Effect of the environment on the risk of respiratory disease in preweaning dairy calves during summer months

A. P. Louie, Joan D Rowe, W. J. Love, Terry W Lehenbauer, Sharif S Aly

Research output: Contribution to journalArticle

3 Scopus citations

Abstract

Heat stress has the potential to adversely affect the physiology, passive immunity, and growth of preweaning dairy calves, increasing their risk of respiratory disease. The effect of heat stress on the risk for bovine respiratory disease (BRD) may be mediated in part through housing, ventilation, and management factors. As a result, differences may exist in meteorological measures recorded in the calf-rearing area (macroenvironment) and within a calf's enclosure (microenvironment). The objective of this prospective cohort study was to evaluate and compare the association between exposure to temperature and humidity measured at the macro- and microenvironment, and BRD in preweaning dairy calves; a secondary objective was to evaluate the correlation between the macro- and microenvironment. A cohort of 252 calves from 4 premises in central San Joaquin Valley, California (CA), was followed and evaluated for development of respiratory disease using the CA BRD scoring system for preweaning dairy calves, a standardized and validated scoring system. During this time, the meteorological conditions of the calf-rearing area and the within-hutch environment were measured and showed a significant correlation with regard to temperature and humidity. Mixed effects logistic regression and survival analysis were used to analyze the association between the exposures daily environmental measures of temperature, humidity, and temperature-humidity index (THI) and the outcome BRD, adjusted for dairy premises, calf age, sex, and breed. Results showed a significant positive association between daily maximum temperature and BRD in both the calf's macroenvironment [odds ratio = 1.121 (95% confidence interval (CI) = 1.029–1.222)] and microenvironment [odds ratio = 1.203 (95% CI = 1.020–1.418)]. Estimated hazard rates also showed a significant positive association between BRD and daily maximum temperature in both the macroenvironment [hazard ratio = 1.127 (95% CI = 1.053–1.206)] and microenvironment [hazard ratio = 1.119 (95% CI = 1.047–1.197)]. In contrast, we found no association between daily maximum humidity in a calf's microenvironment and BRD. Daily maximum THI within the hutch was significantly associated with only the rate of BRD cases [hazard ratio = 1.070 (95% CI = 1.003–1,141)] but not the odds of occurrence of BRD. Maximum THI is estimated using temperature and humidity, which in California's hot and dry summers may limit variability in THI, explaining its weaker significant association with risk of BRD (or lack of association with odds of BRD) compared with models for maximum temperature in this study. Calves exposed to high day temperatures and relatively low humidity may be experiencing heat stress that predisposes to BRD. Results of the current study suggest that heat abatement efforts should address heat stress at the microenvironment level to mitigate BRD in calves. Further research should investigate strategies to improve calf hutch systems, including hutch materials and design that may optimize ventilation, provide ample shade, spacing, cleanliness, and protection from heat.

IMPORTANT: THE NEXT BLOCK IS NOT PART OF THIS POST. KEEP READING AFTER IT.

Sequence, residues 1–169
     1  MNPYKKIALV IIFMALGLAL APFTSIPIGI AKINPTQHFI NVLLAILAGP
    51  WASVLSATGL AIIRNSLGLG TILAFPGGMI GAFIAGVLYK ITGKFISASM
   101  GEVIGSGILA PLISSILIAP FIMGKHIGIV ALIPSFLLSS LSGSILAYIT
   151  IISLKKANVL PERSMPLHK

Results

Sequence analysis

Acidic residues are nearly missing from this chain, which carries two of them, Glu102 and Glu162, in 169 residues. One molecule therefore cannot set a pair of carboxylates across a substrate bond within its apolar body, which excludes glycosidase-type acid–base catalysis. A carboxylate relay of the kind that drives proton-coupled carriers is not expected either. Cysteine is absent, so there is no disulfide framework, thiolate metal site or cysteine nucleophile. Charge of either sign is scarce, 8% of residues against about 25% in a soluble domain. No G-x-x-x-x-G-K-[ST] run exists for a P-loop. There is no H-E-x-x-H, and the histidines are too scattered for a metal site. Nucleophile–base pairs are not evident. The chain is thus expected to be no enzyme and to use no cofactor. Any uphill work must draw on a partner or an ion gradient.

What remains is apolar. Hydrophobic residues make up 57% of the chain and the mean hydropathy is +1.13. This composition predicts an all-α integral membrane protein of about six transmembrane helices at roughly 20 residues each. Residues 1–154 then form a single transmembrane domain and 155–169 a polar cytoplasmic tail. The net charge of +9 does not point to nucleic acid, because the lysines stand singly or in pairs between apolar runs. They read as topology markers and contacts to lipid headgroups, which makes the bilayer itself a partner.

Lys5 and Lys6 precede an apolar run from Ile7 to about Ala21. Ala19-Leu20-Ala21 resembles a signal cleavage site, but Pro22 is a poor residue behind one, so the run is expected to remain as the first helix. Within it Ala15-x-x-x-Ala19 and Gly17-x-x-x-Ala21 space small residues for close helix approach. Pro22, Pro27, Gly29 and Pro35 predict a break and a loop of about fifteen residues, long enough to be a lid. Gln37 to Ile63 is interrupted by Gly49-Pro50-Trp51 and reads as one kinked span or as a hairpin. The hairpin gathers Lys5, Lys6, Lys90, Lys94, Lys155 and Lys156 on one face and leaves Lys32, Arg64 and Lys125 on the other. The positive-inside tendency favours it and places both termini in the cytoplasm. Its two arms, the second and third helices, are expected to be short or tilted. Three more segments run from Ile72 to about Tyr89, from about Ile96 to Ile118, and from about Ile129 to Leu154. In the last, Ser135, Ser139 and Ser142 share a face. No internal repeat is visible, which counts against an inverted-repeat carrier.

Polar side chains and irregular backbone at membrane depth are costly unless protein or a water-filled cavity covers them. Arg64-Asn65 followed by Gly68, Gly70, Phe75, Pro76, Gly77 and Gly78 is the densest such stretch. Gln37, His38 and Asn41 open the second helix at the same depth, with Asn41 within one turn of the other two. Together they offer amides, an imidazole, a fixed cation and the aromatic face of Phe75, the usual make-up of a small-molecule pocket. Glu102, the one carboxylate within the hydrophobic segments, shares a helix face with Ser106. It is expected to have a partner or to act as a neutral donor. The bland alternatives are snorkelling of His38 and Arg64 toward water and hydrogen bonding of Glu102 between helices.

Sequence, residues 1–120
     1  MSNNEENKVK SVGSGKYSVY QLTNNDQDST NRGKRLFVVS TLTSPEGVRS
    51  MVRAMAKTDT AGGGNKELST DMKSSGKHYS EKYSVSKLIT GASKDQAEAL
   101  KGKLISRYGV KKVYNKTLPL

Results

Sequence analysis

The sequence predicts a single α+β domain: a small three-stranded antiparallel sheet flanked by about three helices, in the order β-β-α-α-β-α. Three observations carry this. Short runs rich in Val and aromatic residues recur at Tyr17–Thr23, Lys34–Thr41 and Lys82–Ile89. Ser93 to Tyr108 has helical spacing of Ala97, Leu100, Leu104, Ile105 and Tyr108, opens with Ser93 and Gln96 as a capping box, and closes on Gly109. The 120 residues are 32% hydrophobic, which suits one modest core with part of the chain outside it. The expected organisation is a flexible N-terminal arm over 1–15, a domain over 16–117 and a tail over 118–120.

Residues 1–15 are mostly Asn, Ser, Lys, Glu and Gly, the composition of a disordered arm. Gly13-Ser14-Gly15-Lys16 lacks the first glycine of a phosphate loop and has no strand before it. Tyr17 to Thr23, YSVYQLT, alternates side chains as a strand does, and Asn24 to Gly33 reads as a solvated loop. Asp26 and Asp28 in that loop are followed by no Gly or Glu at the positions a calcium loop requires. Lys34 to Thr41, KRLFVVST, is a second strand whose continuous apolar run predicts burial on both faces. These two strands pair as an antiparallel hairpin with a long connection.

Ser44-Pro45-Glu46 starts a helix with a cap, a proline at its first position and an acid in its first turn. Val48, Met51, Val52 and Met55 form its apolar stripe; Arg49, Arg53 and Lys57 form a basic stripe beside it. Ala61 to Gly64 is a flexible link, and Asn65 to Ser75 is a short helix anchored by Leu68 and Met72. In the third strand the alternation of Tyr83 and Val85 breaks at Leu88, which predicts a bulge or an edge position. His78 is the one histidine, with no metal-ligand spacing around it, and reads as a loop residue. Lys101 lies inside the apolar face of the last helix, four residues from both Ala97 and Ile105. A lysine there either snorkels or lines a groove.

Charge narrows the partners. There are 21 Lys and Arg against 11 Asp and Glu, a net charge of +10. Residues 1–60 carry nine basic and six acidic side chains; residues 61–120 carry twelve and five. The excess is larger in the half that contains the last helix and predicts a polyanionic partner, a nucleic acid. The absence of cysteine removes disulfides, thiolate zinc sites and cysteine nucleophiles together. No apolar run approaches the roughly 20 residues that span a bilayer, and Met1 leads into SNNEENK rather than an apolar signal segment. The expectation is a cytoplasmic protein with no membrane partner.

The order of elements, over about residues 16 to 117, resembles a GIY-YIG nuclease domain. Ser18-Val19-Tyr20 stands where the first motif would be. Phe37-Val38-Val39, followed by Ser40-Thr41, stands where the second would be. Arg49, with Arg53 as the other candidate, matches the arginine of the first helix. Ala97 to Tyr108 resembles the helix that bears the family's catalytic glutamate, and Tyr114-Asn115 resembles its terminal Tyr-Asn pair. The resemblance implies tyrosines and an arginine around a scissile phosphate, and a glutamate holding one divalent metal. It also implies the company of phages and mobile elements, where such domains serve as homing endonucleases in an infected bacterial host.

Original languageEnglish (US)
Pages (from-to)10230-10247
Number of pages18
JournalJournal of Dairy Science
Volume101
Issue number11
DOIs
StatePublished - Nov 1 2018

Keywords

  • bovine respiratory disease
  • dairy calf
  • heat stress
  • macroenvironment
  • microenvironment

ASJC Scopus subject areas

  • Food Science
  • Animal Science and Zoology
  • Genetics

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